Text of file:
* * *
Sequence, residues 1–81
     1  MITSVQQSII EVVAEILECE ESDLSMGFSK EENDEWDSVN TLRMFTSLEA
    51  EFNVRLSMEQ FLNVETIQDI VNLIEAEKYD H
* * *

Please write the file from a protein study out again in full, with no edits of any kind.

Sequence, residues 1–81
     1  MITSVQQSII EVVAEILECE ESDLSMGFSK EENDEWDSVN TLRMFTSLEA
    51  EFNVRLSMEQ FLNVETIQDI VNLIEAEKYD H